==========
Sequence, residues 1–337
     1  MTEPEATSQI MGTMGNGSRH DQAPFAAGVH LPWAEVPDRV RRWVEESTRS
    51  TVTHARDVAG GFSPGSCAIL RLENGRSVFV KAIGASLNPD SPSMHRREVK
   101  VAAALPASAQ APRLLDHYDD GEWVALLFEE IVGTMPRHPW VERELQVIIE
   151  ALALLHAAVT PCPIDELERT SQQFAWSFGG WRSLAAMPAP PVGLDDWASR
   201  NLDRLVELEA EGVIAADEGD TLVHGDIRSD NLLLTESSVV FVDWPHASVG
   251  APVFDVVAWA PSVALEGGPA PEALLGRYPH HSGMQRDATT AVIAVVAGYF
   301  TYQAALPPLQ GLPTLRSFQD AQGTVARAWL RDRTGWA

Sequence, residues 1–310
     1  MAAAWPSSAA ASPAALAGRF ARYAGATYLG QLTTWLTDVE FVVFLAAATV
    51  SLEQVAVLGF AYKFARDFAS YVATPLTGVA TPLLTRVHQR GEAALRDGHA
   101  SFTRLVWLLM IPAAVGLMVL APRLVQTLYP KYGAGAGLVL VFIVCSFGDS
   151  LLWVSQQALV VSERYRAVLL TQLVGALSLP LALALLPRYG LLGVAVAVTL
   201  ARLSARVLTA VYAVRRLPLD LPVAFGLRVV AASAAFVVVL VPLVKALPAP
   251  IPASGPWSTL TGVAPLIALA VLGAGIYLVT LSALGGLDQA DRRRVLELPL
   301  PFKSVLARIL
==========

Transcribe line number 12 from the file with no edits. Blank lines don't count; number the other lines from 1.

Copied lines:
   101  SFTRLVWLLM IPAAVGLMVL APRLVQTLYP KYGAGAGLVL VFIVCSFGDS